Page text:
122. Blood of Ambrose by James Enge
Publication: Pyr (April 21, 2009), Paperback, 401pp / ISBN 1591027365
Genre: Fantasy, Action, Teen
Read: May 25-26, 2010
Summary from Indiebound:
The late Emperor’s brother-in-law and murderer, Lord Urdhven, appoints himself Protector to his nephew, young King Lathmar VII, and sets out to kill anyone who stands between himself and mastery of the Empire.
I’ve had this book on my BookMooch wishlist for a while now, but I honestly can’t remember where I heard of it or why it was on there. Luckily I went ahead and grabbed it before someone else did, and, like many other impulse decisions of mine, it turned out to be the right course of action.
Blood of Ambrose is a different sort of Arthurian book in that it focuses mostly on Merlin and his legacy, specifically his three children and how they change the course of history of the world they live in. Arthur never appears directly, and I’m pretty sure he’s not even mentioned once, but there are hints of him wafting around and one could make an argument that the young king Lathmar is a sort of Arthur.
We don’t even really see much of Merlin (who’s a jerk), but instead we get a lot of his kids and of the people that surround them. This is actually a good thing, because they’re really interesting people, and their characters are so full of depth that this first book barely even plumbs anything about them except some surface stuff. I love complex characters with multiple motivations, and though sometimes the characters in Blood of Ambrose list towards the more trope-y side of things I really enjoyed reading about them. Lathmar and Morlock and their relationship are particularly fun to follow through the story, and I love how Lathmar grows as a person. If you compare the Lathmar from the first page to the Lathmar of the last, there’s a definite change (and improvement).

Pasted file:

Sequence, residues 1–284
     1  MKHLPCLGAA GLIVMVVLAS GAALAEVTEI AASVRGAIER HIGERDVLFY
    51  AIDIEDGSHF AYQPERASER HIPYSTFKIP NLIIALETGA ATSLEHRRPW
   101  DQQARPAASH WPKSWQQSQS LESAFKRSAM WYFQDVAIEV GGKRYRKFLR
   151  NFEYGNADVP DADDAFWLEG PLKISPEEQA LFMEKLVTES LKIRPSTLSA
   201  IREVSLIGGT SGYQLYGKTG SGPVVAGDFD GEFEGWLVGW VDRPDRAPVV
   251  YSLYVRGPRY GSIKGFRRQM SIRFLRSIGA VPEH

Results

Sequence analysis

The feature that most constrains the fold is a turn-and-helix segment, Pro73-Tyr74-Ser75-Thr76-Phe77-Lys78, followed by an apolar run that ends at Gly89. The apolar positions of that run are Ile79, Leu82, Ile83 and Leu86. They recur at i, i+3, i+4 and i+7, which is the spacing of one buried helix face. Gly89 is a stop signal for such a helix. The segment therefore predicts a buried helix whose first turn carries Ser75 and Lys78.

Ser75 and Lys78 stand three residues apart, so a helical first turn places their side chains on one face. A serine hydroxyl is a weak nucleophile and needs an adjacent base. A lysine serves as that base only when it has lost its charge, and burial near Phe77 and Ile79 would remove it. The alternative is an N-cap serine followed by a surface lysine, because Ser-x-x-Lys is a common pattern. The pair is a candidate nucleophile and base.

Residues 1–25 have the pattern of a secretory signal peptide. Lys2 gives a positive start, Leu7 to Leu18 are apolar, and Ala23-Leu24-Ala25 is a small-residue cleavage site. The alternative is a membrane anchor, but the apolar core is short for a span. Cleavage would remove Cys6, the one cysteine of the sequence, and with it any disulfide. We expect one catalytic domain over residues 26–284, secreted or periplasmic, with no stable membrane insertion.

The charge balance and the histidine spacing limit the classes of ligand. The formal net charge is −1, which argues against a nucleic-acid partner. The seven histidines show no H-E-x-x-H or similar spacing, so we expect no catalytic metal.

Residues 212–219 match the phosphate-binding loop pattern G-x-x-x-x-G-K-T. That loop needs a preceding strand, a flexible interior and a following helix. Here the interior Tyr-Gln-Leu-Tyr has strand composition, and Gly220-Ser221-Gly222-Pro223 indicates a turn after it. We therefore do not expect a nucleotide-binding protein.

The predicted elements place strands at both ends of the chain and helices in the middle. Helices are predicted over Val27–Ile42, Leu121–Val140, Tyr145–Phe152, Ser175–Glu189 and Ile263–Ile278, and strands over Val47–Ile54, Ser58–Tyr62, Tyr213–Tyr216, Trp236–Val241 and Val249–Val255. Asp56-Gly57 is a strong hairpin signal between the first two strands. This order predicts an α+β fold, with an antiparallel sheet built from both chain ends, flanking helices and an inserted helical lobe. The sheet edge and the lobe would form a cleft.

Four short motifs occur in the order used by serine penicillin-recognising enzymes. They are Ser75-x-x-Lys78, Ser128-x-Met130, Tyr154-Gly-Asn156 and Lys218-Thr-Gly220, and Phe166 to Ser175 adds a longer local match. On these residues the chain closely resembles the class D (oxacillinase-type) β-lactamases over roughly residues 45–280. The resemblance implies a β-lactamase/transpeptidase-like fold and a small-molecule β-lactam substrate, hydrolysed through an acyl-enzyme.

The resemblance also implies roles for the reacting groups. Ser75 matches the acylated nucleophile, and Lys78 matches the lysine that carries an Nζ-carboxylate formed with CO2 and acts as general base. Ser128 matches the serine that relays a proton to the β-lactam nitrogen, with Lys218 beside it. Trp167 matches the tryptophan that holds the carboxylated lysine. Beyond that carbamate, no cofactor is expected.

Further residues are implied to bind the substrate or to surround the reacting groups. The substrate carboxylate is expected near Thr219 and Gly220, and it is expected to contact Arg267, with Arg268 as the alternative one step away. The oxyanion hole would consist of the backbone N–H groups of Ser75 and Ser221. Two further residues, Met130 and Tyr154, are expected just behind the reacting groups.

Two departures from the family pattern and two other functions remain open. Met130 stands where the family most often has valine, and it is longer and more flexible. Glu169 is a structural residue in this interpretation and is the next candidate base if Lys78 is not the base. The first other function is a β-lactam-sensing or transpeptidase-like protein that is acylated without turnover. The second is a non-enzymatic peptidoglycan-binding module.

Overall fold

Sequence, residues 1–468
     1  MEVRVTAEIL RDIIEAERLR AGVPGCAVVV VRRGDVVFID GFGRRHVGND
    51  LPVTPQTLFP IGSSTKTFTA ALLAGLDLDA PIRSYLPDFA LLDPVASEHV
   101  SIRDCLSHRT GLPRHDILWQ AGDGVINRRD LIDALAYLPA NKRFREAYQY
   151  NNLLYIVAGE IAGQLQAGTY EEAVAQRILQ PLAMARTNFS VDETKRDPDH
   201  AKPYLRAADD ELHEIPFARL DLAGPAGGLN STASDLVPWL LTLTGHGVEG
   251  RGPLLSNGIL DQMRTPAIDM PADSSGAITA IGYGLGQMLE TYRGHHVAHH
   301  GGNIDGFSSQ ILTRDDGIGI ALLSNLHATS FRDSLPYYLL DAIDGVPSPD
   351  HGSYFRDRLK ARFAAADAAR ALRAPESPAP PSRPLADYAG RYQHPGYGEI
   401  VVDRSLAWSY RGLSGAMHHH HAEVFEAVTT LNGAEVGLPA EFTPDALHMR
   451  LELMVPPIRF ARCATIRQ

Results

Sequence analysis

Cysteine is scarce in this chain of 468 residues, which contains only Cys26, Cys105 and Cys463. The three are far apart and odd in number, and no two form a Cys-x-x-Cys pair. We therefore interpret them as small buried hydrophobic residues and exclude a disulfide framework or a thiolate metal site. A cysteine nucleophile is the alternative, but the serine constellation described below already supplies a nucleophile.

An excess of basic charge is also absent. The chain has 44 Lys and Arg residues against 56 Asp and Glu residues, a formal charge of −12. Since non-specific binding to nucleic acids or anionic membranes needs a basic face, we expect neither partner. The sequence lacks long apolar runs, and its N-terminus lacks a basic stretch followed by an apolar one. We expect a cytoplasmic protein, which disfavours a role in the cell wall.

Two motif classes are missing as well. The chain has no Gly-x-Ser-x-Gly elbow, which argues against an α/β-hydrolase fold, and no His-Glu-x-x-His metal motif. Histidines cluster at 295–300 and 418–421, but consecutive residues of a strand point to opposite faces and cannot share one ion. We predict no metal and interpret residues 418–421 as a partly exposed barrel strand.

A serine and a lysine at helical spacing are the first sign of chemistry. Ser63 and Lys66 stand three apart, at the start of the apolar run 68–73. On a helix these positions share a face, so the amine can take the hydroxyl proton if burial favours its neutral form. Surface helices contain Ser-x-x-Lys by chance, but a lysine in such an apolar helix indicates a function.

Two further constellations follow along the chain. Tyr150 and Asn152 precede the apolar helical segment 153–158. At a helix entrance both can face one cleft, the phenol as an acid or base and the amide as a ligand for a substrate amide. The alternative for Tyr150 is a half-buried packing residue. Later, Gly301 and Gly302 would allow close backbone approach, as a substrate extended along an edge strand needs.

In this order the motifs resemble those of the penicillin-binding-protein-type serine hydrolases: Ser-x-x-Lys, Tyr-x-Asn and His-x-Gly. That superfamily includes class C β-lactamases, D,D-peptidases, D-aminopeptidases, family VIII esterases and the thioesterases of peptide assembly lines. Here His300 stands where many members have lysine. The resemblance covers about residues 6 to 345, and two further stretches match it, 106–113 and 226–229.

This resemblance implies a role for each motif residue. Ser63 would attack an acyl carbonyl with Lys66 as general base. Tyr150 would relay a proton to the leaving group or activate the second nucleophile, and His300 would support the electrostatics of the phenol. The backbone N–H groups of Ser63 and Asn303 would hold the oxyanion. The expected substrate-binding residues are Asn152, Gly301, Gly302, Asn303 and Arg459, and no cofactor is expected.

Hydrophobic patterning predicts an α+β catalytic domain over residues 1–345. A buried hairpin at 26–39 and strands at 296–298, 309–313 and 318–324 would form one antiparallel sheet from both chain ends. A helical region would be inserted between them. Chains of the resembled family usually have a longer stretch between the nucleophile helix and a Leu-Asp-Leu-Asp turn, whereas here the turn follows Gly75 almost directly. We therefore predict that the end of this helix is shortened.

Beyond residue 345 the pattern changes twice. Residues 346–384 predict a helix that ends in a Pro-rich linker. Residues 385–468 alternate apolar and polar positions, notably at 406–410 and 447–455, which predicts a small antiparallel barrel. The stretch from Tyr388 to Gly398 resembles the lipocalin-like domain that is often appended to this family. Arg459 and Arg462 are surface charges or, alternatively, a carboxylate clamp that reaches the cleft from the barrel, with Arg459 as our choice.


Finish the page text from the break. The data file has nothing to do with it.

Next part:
The plot is one of my favorites, with lots of treachery and uber-villains and whatnot. It’s very Shakespearean, and James Enge’s writing is lush enough to back up my claim (although there aren’t nearly as many weddings or swordfights as Shakespeare’s plays do). It does suffer from that “and then a lot of time lapsed between the last chapter and this one” thing that I hate, but moving time forward in big leaps allows two things: it keeps the book shorter (which is good, because no matter how much I love intrigue it does get tiresome after a while– see this series) and it keeps things moving quickly.
I will say that the pacing seems a bit off in some parts, most notably right before the last sequence, when Lathmar falls in love with a chambermaid and has several scenes trying to figure out how to woo her. It’s a cute subplot, and it shows Lathmar’s growth emotionally (and otherwise), but it also keeps the action from moving forward and I wish it had been cut out or something. I’ve read in other reviews that people also had a problem with the humorous bits that showed up between particularly gore-y bits, but I didn’t have any problem with that myself. I thought it was almost a sort of gallows humor that soldiers who’ve been fighting a long time tend to use– you can’t be serious all the time, not even when zombies are knocking at your door and your entire kingdom might collapse because of one childish baddie. Jokes make things easier to bear, I think.
Anyway, other than some pacing issues, I was enormously pleased with Blood of Ambrose, and how it managed to be Arthurian without relying on strict adherence to the myth. There’s a lot of interesting symbolism in it, too, which I could have a lot of fun picking apart for a school paper. It’s just a really rich story, one that’s fun to read and that doesn’t get bogged down in word count. If you’re a fan of Arthurian stories or just exciting, action-heavy fantasy ones, I highly recommend reading Blood of Ambrose!